The 10 tips below will help you be a strong advocate for your loved one. These tactics can start a conversation that keeps your loved one’s needs and desires at the forefront of any plan for care.
- Be a familiar face. When your loved one visits the doctor, tag along so the doctor and the office staff know you. Make sure they have your loved one’s permission to talk with you if needed.
- If your loved one has particular conditions or illnesses, be sure you ask the doctor to explain these diagnoses, the expected progression of any illnesses, and the prognosis.
- Find out if the physician’s office is aware of any community resources that might help you and your loved one. Some communities have special programs, for instance, to help provide support for families caring for loved ones with Alzheimer’s disease. Meals on Wheels and other services may be helpful.
- Make a point to talk with the nurses and other staff as well as the doctor. Sometimes, the staff may know more about different community resources and options for care and often can provide you with pamphlets or brochures for these services.
- Ask questions if the doctor suggests a specific type of care or service. Find out why the doctor is making this specific recommendation. If you or your loved one is confused by any of the information the doctor gives you, ask the doctor to explain again.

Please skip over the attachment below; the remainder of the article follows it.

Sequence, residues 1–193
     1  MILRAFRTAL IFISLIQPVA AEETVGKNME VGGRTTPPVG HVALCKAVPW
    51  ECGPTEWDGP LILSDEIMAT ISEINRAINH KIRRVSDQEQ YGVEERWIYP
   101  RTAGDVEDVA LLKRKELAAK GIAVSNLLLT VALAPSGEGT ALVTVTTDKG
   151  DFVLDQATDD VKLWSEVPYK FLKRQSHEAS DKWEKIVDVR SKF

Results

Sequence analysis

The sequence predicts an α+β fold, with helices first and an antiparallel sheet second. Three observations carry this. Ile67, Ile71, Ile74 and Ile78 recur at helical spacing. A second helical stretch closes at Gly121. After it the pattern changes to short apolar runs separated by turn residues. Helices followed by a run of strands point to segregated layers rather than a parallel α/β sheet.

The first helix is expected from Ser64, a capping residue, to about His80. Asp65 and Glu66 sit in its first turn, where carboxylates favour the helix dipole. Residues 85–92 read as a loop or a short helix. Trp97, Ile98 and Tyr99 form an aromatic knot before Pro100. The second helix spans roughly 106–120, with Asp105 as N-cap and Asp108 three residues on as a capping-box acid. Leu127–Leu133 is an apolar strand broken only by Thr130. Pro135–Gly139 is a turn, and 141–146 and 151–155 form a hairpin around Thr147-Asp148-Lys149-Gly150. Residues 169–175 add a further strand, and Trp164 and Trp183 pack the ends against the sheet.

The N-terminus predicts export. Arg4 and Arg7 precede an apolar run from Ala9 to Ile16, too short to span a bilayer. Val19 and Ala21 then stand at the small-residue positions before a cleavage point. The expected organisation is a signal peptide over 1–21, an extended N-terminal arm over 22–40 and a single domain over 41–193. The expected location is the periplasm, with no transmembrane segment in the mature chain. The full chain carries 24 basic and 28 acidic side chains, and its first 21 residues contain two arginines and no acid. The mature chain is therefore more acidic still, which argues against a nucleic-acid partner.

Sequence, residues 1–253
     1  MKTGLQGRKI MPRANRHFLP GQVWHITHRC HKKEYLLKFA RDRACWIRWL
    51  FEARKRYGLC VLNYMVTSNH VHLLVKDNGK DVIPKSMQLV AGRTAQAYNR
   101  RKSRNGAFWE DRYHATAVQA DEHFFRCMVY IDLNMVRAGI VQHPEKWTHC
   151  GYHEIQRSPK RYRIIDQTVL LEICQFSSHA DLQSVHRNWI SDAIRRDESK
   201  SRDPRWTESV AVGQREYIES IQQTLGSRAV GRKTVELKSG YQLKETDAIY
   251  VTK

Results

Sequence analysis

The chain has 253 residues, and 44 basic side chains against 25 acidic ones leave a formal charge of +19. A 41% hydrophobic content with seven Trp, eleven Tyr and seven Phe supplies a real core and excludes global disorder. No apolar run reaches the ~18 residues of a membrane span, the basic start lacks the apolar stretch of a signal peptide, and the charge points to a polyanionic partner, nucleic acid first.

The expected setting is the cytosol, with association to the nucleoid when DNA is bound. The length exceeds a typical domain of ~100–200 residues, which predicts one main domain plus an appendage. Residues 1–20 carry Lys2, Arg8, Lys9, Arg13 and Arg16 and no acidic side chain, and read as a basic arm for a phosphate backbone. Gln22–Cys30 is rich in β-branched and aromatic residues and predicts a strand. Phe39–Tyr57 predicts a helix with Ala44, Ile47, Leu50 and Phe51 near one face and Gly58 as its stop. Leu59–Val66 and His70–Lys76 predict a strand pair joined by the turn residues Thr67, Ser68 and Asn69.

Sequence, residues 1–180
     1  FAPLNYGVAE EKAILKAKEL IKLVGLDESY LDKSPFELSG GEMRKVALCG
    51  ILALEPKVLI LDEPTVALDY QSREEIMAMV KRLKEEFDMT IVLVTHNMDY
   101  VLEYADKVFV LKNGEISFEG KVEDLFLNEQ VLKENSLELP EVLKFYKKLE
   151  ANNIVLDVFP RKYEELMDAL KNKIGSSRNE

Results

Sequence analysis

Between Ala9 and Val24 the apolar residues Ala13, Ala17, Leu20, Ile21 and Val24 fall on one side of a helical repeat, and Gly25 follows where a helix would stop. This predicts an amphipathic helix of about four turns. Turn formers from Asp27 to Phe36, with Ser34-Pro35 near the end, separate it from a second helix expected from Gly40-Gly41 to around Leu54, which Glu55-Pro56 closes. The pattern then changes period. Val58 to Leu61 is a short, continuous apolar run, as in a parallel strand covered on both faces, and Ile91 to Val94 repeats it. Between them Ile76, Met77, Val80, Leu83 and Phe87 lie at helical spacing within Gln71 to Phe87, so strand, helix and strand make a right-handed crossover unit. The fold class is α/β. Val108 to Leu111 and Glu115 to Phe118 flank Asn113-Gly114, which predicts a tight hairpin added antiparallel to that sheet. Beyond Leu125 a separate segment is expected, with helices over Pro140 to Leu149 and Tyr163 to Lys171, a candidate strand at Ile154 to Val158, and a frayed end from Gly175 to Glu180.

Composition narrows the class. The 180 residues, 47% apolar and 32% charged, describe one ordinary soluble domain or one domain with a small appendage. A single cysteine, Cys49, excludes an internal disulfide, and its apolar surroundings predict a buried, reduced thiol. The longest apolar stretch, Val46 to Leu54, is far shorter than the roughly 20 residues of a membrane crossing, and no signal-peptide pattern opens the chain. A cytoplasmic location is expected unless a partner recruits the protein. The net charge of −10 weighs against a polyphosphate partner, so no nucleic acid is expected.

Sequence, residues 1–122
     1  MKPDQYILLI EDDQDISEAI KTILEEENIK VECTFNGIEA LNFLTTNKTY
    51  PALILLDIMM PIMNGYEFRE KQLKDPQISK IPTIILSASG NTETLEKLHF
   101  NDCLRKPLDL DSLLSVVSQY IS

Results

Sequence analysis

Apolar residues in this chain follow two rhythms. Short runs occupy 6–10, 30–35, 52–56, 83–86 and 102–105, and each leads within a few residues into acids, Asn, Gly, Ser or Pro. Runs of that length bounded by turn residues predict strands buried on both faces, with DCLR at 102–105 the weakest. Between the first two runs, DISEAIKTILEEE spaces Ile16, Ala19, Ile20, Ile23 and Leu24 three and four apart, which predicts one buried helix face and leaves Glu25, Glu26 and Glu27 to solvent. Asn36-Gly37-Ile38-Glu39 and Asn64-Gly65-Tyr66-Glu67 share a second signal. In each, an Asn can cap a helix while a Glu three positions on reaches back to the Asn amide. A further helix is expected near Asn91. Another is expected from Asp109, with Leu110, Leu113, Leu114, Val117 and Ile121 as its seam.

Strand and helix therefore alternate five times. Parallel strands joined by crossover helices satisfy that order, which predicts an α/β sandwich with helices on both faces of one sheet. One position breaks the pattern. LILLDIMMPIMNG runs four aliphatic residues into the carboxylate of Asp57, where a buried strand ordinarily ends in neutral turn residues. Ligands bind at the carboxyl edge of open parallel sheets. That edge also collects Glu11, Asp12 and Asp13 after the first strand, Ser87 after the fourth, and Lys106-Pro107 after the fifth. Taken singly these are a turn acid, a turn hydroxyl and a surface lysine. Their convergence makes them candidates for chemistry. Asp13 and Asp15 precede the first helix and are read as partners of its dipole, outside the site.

- Do you know what kind of treatments or care your loved one wants or doesn’t want? Does the doctor know? Find out what your loved one wants, and make sure the doctor has a copy of any legal documents specifying your loved one’s wishes (a living will, advance directive).
- Remember: you have choices. If the doctor does suggest a particular service provider or agency, you can always ask for more than one recommendation and interview the agencies prior to contracting with any specific company.
- Ask if the doctor or staff can recommend any local caregiver support groups or educational materials that would be helpful to you as a caregiver.
- Don’t assume that your loved one understands everything the doctor says. If you think your loved one may not have understood fully any of the information discussed about health, medications, and recommended plan of care, ask questions until you are confident and comfortable with your loved one’s understanding of the situation.
- You’ll never remember everything you want to ask, so always be ready to ask a catch-all question. Simply ask the doctor if other patients have good questions that you haven’t thought to ask or if the doctor is aware of issues you might not have thought about, but need to know.
By using this strategy, you can help turn a grueling doctor’s appointment into a more pleasant and informative experience. The goal is to keep your loved one’s best quality of life at the forefront of any discussion. Doing so will let the doctor and staff know you are a strong advocate and partner in your loved one’s care. As an added benefit, when your loved one sees that you are asking questions, he or she may gain confidence in asking questions and taking a more active role in finding healthcare solutions. Together, you’ll be able to get the best care possible.